The usurper did not long enjoy the fruits of his crime. The Turks, under the able leadership of Amurath I., one of the greatest generals of his time, continued their career of conquest. Their advance in the direction of Servia aroused Voukačin's fears for the safety of his throne. Summoning the chieftains together, he implored them to forget their dissensions and join him in a campaign against the Turkish conqueror. An army nearly as large as that which had followed Dušan on his last expedition was collected, and Voukačin believed himself to be the leader of a new crusade. At first his efforts were successful, and Amurath received a severe check on the spot, where a few years earlier the Serbs had been routed with such loss. But in the dead of night Amurath surprised the Servian camp and completely destroyed the army of the Christians. The flower of the Serb nobility perished either by the scimitars of the Turks or in the waters of the river Marica. Voukačin, after fighting with desperate courage, fled with a handful of retainers, one of whom murdered 286 THE DECLINE AND FALL OF SERVIA. him for the sake of the gold chain which he wore. The news of the Servian defeat excited the greatest alarm all over Christendom. The Pope lamented loudly that nothing could withstand the onward march of the Turks. The Servians thought that the sole chance of their safety lay in the election of Lazar, a connection by marriage of Dušan's dynasty, in whose wars he had served with great distinction. Lazar, the last of the Servian Czars, ascended the throne in 1371 under gloomy circumstances. He did not deem it prudent to attack the victorious Turks until he had had time to recruit his scattered forces, and so quietly looked on while Macedonia gradually fell into their hands. But the warlike King of Hungary, instead of assisting his brother of Servia against the Ottoman armies, seized the opportunity of Servia's weakness to attack him. For the second time the Serbs repulsed his attempt; but there was little glory or satisfaction to be won from such a triumph at a time when all the Christian Powers of the East should have been banded together against the Crescent. When in 1386 the Turks invaded Servia and captured Nisch, the key of the whole country, Lazar found himself without allies, and, imitating the craven example of the Greek Emperor, purchased a disgraceful peace by promising to pay an annual tribute and to provide a thousand mercenaries for the Turkish armies. It was, indeed, a change since the days of Dušan.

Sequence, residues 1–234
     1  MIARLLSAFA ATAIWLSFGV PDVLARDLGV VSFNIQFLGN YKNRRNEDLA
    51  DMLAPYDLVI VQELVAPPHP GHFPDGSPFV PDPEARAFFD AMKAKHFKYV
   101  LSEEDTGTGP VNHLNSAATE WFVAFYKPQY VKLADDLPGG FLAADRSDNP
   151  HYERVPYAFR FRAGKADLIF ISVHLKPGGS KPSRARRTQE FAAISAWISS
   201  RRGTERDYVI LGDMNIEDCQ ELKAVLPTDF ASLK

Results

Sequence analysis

But at last the Christian states of the Balkans, when too late, discovered that they must unite against the Ottoman power, Tvartko, King of 287 BATTLE OF KOSSOVO. Bosnia, sent a detachment of soldiers to aid the Serbs; the Bulgarians created a diversion in favour of their neighbours; the Prince of the Zeta joined with the Servian monarch. In the fastnesses of the Black Mountain, where the Turks were in the coming centuries to receive so many fatal reverses, a body of Albanians and Serbs utterly routed the Ottoman force. Amurath I., who was celebrating his marriage in Asia Minor when the news reached him, vowed vengeance. Hurrying back to Europe, he collected an enormous army and marched against the Serbs. The battle, which was to decide for five centuries the fate of the Balkan Peninsula, was fought on the plain of Kossovo, the "field of blackbirds," as it is called in Serb, from the flocks of those creatures which frequent it. Kossovo is at the present day a part of the Turkish Empire, and gives its name to an Ottoman vilayet or province. Shut in by a chain of mountains, and of vast extent, the plain seemed intended by nature for an Armageddon of nations. Around this spot, the Waterloo of Balkan freedom, clusters a whole literature of patriotic ballads, from which it is no easy task to discern the true story of that fatal day. "Amurath," says One of the national bards, "had so many men that a horseman could not ride from one wing of his army to the other in a fortnight; the plain of Kossovo was one mass of steel; horse stood against horse, man against man; the spears form a thick forest; the banners obscure the sun, there was no space for a drop of water to fall between them." On the other side Serbs, Bosniaks, and Albanians were banded together in the common 288 THE DECLINE AND FALL OF SERVIA. cause under Lazar's leadership. On the morning of June 15, 1389, the battle began. Amurath had hesitated at the last moment to attack the allied host, but a dream, in which the angel of victory had appeared to his most trusted counsellor and bade him "conquer the infidels," confirmed his wavering mind. The struggle was furious on both sides, and Lazar held his own against the Ottoman chivalry. But there was treachery in the Servian camp. Vouk Branković, to whom one wing of the Servian army had been entrusted, had long been jealous of his sovereign. It was said that he had already arranged with Amurath to betray his master, and had been promised the crown of Servia as a reward. The Turkish victory was the result of this "great betrayal." At a critical moment, when the future of the clay was still undecided, the traitor turned his horse's head and rode off the field, followed by his detachment of 12,000 men. Lazar in vain attempted to sustain the contest against fearful odds. Slowly but surely the Turkish numbers told, and all was confusion in the Servian ranks. Lazar's horse stumbled and fell, and his rider expired beneath the blows of the Turkish soldiers. With him his nine brothers-in-law and the flower of the Servian aristocracy perished. The victory of the Turks would have been complete but for the death of their own sovereign in the hour of his triumph.